Strawberry Balsamic Ice Cream

Strawberry Balsamic Ice Cream

Oh hello! Remember me? I’ve come out of my knitting and sourdough-making rabbit hole to start sharing some glorious summer recipes. First on the list- this fantastically fruity and summery ice cream. (PS blog posts on both knitting and sourdough coming soon!)

The kids and I made a summer bucket list and Hugo is most excited about the food-related activites (making ice cream, making lemonade, making s’mores etc.) He was thrilled to be my assistant in this project and we all devoured this right away.

Strawberry Balsamic Ice Cream

Now I know you don’t all have ice cream makers, but I just feel like nothing is better than that freshly churned, creamy, frozen custard. (Because that’s really what this is.)

David Lebovitz instructs on how to make it without a maker here, but I really think investing in a maker is the most fun if you can swing it. We use ours weekly all summer long.

Strawberry Balsamic Ice Cream

This ice cream pairs strawberries with balsamic vinegar, a combo I’ve seen a bunch but never tried. Man is it amazing. You don’t taste the vinegar flavor, but something about it really makes the strawberries pop. The end result is creamy, dreamy, summer in a scoop. Trust me you must make this! If you’re as obsessed with all the local, farmers market berries as we are you may need something to do with them and this.is.it. Enjoy!


Strawberry Balsamic Ice Cream

Strawberry Balsamic Ice Cream

Yield: about 1 quart

Ingredients

  • For the strawberries:
  • 3 cups strawberries, hulled and quartered
  • 2-1/2 tablespoons of sugar
  • 2 tsp. balsamic vinegar
  • For the custard base:
  • 5 egg yolks
  • 1/2 cup sugar
  • 1-3/4 cups heavy cream
  • 3/4 cup milk (any fat content besides skim will be fine, but I used whole.)
  • 1/4 teaspoon salt
  • 2 tsp. balsamic vinegar
  • 1 tablespoon vodka (optional but recommended)

Instructions

  1. In a small saucepan, combine the strawberries and 2 1/2 tablespoons of sugar. Stir until berries are cooked and soft, about 5 minutes, stir in 2 teaspoons of balsamic and pureé with an immersion blender or in a regular blender. Set aside.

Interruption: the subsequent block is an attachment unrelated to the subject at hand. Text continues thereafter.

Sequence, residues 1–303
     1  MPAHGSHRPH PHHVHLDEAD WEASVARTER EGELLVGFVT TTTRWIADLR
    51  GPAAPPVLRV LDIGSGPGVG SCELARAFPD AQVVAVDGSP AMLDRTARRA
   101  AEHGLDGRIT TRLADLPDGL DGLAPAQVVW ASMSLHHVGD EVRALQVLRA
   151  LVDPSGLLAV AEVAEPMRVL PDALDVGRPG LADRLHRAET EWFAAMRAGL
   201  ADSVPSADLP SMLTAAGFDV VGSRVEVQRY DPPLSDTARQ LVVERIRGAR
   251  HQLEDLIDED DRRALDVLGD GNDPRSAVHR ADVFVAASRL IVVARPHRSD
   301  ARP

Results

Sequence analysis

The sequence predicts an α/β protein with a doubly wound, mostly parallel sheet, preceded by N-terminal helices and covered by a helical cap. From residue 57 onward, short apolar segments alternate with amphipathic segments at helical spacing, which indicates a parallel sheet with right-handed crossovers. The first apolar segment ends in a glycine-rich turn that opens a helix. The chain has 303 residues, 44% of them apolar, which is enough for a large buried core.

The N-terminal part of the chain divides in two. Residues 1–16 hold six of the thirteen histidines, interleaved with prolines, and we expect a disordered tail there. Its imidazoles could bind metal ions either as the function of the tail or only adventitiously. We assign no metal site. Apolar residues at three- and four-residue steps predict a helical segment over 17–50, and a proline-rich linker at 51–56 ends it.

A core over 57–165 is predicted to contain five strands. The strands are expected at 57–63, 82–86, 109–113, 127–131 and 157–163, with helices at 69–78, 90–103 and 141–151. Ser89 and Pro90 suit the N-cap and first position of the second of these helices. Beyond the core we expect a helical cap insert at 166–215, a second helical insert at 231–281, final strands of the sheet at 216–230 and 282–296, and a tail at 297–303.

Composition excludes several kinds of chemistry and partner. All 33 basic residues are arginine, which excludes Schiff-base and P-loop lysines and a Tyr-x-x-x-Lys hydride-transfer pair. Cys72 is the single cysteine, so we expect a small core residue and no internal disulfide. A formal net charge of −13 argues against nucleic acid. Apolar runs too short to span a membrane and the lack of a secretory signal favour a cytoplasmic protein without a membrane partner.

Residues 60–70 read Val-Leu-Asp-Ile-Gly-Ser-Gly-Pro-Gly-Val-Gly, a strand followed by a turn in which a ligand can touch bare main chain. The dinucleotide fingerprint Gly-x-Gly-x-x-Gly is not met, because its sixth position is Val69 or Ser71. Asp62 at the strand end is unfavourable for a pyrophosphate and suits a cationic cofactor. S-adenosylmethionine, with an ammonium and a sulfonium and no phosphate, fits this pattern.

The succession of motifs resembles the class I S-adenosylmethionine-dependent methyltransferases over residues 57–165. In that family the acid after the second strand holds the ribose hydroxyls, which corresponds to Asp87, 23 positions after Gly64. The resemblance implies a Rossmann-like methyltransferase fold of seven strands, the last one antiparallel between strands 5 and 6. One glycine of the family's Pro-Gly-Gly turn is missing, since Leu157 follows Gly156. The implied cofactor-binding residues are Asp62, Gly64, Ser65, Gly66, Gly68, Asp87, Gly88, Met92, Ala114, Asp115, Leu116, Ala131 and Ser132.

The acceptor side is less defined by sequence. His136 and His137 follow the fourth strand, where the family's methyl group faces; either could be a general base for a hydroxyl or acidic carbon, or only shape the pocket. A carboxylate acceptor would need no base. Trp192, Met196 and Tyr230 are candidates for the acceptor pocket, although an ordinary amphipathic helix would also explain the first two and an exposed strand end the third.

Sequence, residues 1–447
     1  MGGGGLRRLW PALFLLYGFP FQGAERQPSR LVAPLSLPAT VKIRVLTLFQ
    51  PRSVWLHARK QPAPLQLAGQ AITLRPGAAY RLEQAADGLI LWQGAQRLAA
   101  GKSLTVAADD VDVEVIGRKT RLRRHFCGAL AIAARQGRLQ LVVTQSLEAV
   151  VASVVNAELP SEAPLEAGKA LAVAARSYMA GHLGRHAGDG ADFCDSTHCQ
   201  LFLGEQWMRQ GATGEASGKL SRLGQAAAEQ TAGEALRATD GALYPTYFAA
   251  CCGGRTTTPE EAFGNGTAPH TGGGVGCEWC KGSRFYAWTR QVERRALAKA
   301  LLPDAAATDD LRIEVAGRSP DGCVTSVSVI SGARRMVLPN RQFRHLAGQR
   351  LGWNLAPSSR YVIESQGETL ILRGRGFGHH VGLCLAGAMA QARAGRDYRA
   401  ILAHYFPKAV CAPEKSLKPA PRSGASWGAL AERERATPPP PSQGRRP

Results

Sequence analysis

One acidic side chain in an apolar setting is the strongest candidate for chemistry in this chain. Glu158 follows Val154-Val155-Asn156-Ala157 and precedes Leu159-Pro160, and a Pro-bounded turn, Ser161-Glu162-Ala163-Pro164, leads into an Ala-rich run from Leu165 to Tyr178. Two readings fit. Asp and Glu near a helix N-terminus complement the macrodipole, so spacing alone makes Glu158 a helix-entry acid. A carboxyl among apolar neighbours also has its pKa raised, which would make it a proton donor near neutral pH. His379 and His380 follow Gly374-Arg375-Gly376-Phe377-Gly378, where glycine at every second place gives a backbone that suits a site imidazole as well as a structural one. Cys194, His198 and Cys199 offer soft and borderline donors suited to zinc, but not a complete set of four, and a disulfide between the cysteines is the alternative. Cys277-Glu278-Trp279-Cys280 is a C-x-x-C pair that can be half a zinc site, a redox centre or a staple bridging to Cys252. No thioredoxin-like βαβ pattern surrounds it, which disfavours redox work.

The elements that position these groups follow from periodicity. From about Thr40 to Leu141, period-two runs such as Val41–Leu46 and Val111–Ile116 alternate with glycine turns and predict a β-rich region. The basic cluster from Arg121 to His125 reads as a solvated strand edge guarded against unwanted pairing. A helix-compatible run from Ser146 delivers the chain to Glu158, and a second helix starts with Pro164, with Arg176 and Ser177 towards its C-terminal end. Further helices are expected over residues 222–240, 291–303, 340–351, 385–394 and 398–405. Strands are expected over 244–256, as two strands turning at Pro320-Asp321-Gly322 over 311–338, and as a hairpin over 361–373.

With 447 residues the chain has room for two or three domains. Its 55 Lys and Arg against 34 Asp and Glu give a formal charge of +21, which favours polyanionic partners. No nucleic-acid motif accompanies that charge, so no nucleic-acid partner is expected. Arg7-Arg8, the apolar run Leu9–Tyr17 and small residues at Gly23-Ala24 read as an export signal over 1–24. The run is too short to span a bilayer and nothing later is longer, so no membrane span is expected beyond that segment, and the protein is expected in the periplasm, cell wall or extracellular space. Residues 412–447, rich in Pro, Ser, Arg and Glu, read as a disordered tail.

2. In a larger saucepan combine the egg yolks, 1/2 cup sugar, heavy cream, milk and salt. Cook on low heat, stirring with a whisk constantly until it starts to thicken.
  3. Continue to stir with a spoon until the custard coats the back and a line remains when you run your finger down the spoon.
  4. Stir in the strawberry pureé and the remaining 2 teaspoons of balsamic and the vodka if using. (It helps keep the ice cream from getting too frozen.)
  5. Cool thoroughly (ideally overnight.)
  6. Churn according to your ice cream maker's instructions and enjoy right away (soft serve consistency,) or freeze for a few hours to firm it up.

Notes

Recipe adapted from the cookbook: Sweet Cream and Sugar Cones

Did you make this recipe?

Please leave a comment on the blog or share a photo on Instagram


Links to a couple ice cream maker suggestions.

I have the KitchenAid Attachment and really love it, but I’ve heard wonderful things about this Cusinart one as well.

12 Comments

  1. You made me want to dig out the ice cream maker, and I’m not even a strawberry ice cream fan. I love fresh strawberries with balsamic vinegar though, so I must try this. Thanks!

    I am a knitter, too, and I am excited to see your posts on knitting. Are you a new knitter, or did you just rediscover it?

    1. I just started in January and am obsessed! If you check out my knitting hashtag # audraknits I have tagged all my projects so far. Are you on Ravelry?

      1. Yes, I’m ldifazio on Ravelry. So glad you are enjoying your new hobby!

  2. Hmmm….I will likely try this. I trust your recommendations implicitly! David L.’s strawberry ice cream, sherbet, and frozen yogurt recipes are stellar, but I’m happy to add yet another favorite. I like your custard method–I always avoid his method which is just too fussy for me and creates too many dishes to wash. I’m not so confident at adapting Philadelphia methods to a French-style recipe. You have saved me!

    When I was a kid and we made big freezers of ice cream, Mom used raw eggs: no separating or cooking of egg yolks. I tried that and had tiny tiny bits of frozen egg yolk. Not good, though I doubt that everyone would notice. So…thank you for your sensible method!

    1. Yes- this custard method is definitely easier. I’ve never found it necessary to do an ice bath or anything like that. The key is cooking very low so the egg yolks don’t cook quickly and scramble! If you make it let me know what you think! :)

  3. What type of ice cream maker do you have? Do you recommend it? Thanks!

    1. I have the attachment for my KitchenAid Stand Mixer and I LOVE it. It’s nice to really only have the bowl to store since I already have the mixer out on my counter!

      If you don’t have a stand mixer- there is a Cuisinart one people really love. I’ll link both above in the bottom of the post! :)

  4. I’ve made this flavor before and it is so yummy!!! You’re making me want to break out my BiRite cookbook…and my ice cream maker. :P

    1. I forgot shortly after posting this that I DID try Strawberry Balsamic when I copied a pie you made last year haha. My memory is gone. I blame the children!

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